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Intersection Column | All We Have Is Today



by Hannah Linder


I’m guilty of something terrible. Something I don’t like to admit. Because in the soft ebb and flow of life, in these pleasant and simple days, sometimes an ache settles in the pit of my chest. I tell myself I won’t let it happen again. I’ve too much to be grateful for. I’m too happy.


But like a chilling rush of wind, the feeling still comes back for a teary moment or two. The dream of tomorrow. The pictures I’ve painted in my mind of what some far-off day might bring. Is it wrong to miss something you don’t know? Is it discontentment to grope, if only in your mind, for something still out of your reach?


Maybe it is and maybe it isn’t. Maybe, no matter what season of life we’re in, there will always be something whispering to us from the lush green grass on the other side. If anything, perhaps that is what pulled me into the depths of When Tomorrow Came, my newest historical release.


Set in Regency England, the two main characters—siblings Heath and Nan Duncan—waited their entire life for their papa to return. Having been abandoned to the care of an abusive guardian at a young age, they finally escaped to a life on the streets, where starvation and cold made them question which was worse: homelessness or the beatings. In the midst of their sufferings, over and over, Heath made his sister this promise, “Tomorrow, Papa will come.”


They had clung to that promise like a lifeline, even though, upon each new dawn, Papa did not return. As circumstances altered and the siblings became separated into two different social worlds, the theme of their hearts still centered around that desperate hope. Years later, when it finally came true and Papa did return, would it be all the things they had imagined? For so long, they had cleaved to the wish that in some distant tomorrow, they would attain the desires of their hearts, things would be better and they would be healed.


But they were wrong to wait for tomorrow. Whether their illusions became true or not, whether their expectations were fulfilled or shattered…tomorrow never belonged to them. Tomorrow never belongs to any of us.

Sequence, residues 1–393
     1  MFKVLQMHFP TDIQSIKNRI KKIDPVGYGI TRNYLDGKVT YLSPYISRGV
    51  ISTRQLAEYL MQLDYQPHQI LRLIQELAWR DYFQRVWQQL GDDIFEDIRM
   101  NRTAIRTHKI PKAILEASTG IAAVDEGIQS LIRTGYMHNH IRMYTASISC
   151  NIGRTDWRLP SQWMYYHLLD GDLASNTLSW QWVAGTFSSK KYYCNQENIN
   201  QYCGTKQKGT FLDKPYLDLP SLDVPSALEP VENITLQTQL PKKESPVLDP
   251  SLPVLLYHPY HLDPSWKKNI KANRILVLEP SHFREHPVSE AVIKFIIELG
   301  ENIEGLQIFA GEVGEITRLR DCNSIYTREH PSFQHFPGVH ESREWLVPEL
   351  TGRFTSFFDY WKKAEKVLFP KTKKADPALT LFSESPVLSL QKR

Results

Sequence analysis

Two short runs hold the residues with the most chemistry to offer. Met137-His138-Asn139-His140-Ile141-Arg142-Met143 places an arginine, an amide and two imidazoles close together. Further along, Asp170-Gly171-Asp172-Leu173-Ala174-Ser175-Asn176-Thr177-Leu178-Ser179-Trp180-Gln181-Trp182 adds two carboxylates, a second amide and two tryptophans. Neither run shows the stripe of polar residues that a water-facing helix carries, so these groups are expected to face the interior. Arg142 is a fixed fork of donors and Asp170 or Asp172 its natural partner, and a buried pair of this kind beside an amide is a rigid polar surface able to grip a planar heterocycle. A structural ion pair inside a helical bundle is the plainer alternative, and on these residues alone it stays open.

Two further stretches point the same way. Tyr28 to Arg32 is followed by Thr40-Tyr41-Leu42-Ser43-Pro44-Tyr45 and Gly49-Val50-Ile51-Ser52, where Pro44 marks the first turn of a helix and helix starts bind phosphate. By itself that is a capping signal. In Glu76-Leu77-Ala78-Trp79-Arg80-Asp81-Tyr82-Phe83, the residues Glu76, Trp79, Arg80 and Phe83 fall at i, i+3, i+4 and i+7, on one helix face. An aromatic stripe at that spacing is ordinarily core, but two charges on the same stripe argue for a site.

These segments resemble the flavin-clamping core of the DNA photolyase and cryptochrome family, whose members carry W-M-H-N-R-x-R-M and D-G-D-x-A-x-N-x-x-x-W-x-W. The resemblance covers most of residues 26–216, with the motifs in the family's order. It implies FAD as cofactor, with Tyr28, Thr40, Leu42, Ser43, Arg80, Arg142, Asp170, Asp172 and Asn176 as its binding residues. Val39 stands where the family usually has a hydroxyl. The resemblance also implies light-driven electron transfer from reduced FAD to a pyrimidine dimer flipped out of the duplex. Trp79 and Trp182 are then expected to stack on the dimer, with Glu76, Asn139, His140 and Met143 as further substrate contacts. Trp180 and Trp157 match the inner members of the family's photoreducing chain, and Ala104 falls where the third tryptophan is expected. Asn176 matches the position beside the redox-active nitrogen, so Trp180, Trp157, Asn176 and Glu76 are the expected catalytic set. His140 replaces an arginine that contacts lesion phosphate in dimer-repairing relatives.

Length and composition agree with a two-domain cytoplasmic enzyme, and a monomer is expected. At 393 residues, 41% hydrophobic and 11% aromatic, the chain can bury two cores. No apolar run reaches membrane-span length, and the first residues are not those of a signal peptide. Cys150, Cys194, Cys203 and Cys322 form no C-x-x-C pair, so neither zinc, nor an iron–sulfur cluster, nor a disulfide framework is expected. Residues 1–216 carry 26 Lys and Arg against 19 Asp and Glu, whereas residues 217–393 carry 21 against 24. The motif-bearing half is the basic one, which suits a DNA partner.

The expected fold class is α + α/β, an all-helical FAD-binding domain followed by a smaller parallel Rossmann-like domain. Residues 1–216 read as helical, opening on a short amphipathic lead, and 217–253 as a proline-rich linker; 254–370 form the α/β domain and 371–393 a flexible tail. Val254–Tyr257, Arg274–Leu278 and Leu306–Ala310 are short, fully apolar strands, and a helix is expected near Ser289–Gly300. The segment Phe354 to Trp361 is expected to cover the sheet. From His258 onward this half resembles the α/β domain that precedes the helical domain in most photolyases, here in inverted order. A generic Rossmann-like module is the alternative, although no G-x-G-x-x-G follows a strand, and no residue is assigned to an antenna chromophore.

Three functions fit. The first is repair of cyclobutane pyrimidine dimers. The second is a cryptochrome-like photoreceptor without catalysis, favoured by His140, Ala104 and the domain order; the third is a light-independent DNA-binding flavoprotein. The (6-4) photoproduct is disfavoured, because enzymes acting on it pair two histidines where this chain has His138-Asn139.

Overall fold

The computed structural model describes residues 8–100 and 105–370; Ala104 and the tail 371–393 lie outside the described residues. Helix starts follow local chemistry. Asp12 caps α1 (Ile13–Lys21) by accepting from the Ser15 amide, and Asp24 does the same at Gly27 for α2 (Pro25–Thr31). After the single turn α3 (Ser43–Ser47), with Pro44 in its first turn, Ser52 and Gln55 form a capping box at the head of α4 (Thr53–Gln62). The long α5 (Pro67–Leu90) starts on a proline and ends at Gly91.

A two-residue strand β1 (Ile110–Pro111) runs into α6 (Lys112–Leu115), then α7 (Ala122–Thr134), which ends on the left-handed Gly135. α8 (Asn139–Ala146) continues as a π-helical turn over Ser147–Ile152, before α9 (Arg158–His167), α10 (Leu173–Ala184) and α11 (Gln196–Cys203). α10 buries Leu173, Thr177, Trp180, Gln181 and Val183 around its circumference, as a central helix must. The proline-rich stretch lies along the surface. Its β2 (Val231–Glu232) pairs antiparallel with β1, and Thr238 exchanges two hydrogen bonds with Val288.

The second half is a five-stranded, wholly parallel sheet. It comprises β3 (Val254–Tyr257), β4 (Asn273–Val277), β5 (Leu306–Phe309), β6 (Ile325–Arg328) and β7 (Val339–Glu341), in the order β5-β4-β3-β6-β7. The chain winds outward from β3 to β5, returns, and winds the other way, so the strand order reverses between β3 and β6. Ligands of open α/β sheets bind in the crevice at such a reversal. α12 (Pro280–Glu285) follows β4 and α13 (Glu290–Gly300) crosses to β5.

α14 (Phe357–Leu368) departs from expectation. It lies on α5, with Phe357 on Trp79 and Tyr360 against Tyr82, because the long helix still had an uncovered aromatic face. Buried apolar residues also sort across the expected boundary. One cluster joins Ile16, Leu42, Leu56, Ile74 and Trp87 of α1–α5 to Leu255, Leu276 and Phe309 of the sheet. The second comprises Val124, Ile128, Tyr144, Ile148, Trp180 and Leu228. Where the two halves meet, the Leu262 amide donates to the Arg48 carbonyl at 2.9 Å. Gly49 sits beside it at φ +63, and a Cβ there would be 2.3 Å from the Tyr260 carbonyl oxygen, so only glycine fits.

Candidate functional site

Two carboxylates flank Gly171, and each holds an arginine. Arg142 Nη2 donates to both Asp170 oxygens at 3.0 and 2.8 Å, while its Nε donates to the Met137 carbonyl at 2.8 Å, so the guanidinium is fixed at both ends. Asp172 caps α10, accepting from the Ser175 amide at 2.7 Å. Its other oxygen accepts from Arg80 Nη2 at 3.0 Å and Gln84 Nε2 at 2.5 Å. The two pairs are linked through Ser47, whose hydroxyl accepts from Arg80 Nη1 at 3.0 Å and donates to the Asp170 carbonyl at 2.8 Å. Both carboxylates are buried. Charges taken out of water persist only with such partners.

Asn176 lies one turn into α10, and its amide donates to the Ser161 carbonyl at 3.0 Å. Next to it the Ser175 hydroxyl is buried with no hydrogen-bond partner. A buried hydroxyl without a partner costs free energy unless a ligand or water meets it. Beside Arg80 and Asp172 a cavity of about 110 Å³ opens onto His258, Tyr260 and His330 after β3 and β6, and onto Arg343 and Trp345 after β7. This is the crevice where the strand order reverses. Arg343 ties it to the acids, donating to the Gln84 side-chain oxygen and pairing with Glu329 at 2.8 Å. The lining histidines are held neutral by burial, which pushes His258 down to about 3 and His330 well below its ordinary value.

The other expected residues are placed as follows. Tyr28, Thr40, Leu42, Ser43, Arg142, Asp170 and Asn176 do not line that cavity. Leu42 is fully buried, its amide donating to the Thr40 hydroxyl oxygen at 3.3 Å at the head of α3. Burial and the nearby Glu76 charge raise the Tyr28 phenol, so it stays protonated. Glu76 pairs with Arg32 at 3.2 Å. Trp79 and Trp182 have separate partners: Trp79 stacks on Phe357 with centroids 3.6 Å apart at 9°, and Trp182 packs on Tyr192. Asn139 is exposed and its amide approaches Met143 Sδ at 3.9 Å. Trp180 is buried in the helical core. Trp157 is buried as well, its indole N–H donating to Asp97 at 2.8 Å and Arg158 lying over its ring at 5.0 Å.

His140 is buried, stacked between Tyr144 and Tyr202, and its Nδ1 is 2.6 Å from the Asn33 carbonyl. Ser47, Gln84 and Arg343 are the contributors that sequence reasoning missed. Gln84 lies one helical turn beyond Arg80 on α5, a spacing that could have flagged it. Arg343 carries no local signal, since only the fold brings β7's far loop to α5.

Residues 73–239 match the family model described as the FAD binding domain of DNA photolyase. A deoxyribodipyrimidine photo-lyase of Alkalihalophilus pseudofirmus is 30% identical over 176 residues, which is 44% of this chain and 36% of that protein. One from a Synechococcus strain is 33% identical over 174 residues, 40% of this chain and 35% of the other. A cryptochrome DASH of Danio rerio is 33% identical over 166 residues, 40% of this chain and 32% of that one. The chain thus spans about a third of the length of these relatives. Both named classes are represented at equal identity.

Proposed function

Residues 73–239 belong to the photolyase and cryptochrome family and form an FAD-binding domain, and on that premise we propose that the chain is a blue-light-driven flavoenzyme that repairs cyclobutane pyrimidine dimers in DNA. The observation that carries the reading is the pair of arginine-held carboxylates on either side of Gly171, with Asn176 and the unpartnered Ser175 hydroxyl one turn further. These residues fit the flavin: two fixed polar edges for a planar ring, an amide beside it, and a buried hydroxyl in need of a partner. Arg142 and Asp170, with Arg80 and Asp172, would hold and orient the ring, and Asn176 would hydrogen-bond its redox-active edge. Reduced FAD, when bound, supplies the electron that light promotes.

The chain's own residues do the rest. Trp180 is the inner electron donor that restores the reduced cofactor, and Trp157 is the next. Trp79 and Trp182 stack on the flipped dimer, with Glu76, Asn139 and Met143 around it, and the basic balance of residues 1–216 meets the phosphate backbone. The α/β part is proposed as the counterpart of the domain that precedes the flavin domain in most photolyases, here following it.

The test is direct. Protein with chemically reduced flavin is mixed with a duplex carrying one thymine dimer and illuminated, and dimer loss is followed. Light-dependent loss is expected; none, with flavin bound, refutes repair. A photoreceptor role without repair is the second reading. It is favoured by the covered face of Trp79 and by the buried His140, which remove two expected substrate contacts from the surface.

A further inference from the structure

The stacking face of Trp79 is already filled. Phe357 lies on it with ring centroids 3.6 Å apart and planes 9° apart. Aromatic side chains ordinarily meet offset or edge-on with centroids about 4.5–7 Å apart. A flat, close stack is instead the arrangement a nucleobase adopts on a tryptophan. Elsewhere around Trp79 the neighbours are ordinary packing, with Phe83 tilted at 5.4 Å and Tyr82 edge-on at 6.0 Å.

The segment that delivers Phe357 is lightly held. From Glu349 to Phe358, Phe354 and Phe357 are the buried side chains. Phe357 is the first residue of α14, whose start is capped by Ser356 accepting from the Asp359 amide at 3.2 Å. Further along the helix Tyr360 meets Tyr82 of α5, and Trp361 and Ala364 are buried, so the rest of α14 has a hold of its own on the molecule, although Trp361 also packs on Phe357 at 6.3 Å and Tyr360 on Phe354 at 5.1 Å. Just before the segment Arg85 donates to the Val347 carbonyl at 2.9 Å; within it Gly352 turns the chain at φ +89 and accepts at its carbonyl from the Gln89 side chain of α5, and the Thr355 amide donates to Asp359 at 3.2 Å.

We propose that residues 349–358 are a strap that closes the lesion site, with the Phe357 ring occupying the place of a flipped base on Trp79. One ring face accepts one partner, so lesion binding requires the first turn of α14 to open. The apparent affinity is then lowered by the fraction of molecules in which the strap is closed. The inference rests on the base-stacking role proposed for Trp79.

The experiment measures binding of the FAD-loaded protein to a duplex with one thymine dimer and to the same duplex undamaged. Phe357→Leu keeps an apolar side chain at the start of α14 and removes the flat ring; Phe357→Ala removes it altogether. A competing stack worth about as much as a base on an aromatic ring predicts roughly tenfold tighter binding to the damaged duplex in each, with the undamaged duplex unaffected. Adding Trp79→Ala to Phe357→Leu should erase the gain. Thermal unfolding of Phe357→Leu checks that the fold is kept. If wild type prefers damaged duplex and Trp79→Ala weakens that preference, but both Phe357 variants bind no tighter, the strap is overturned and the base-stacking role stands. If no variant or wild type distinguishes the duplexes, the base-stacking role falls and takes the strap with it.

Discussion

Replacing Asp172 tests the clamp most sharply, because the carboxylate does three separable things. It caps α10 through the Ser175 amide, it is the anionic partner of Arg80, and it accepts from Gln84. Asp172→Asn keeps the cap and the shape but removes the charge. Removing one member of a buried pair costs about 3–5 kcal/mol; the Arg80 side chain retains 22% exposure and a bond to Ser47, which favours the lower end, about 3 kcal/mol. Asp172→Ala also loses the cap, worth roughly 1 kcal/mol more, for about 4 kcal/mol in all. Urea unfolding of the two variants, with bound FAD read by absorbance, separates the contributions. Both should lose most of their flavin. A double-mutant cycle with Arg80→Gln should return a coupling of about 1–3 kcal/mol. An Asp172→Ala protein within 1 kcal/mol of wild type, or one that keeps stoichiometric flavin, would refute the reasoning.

All we have is today.


The now. The presence. Things we can touch with our fingers, and clasp with our hands, and embrace and breathe and love and listen to. I know there will still be aches sometimes. We’ll always hunger, in some seasons of life, for something beautiful in the hazy light of our future.


But I chose to believe, just as Heath and Nan learn in the final pages of their story, that we are fools to dangle everything on something that does not belong to us. Tomorrow isn’t ours. Tomorrow belongs to God.


And today?


Well, it may not have everything inside of it that we yearn for. But it is always real, it is always tangible and it is always here in every sense. So, if you’re ever passing through your days and pause with a rush of moisture in your eyes, or that slight throb of painful anticipation at the base of your throat…seize the presence instead and remember this truth.


Today is ours and tomorrow is coming. Enjoy the now until it does.

 

About the Author

Award-winning author Hannah Linder resides in the beautiful mountains of central West Virginia. Represented by Books & Such, she writes Regency romantic suspense novels filled with secrets, passion and danger. When not writing, Hannah enjoys designing book covers, playing instruments, walking in the rain and sitting on the front porch of her 1800s farmhouse. Follow her journey at hannahlinderbooks.com.

 

About the Book

Nan and Heath Duncan, siblings abandoned by their papa and abused by their guardian, have no choice but to survive on the London streets. When a kind gentleman rescues Nan from such a life, the siblings are separated and raised in two vastly different social worlds. Just when both are beginning to flourish, their long-awaited papa returns—bringing demands and danger with him.


 

Did You Know?


The ancient city of Thessaloniki (Thessalonica during Roman times) once boasted a population of over 50,000 Jews. Even after writing seven WWII novels, I always learn something new with each book. One day, I read an article about the war in Greece and how the Jews were treated there.

  • On July 11, 1942, the Jewish Sabbath, the Germans ordered all the city’s Jewish men to report to Liberty Square to be registered for work detail. They spent the day under the hot Greek sun performing demeaning exercises until some of them died of heat stroke. Over the next few days, the rest of them were taken away.

  • The Jewish council, in a desperate bid to get the men returned, paid a ransom of 1.9 billion drachmas ($69 million). This, however, wasn’t enough, so they sold the centuries-old Jewish cemetery to the Germans to cover the rest. The men were released, but the cemetery was razed days later, leaving the Jews no time to rebury their dead.

  • Between March and August 1943, most Thessaloniki’s Jews were deported to Auschwitz and Treblinka. Less than 2,000 of them survived.

Despite the bleakness of this period, stories of courage, hope and determination emerged. Some fled to the mountains to hide or fight with the partisans. Though anti-Semitism remains a problem in Greece, there is the dream that Jews will once again be accepted members of the community.


-Liz Tolsma, What I Would Tell You

 

Why I LOVE My Local Christian Bookstore


“Shopping in bookstores is the best because we can hold a real, tangible book in our hands, feel its pages and inhale the scent of ink on paper. It's like receiving a hug from the author and finding the open door into their story world.”


-Delores Topliff, Strong Currents

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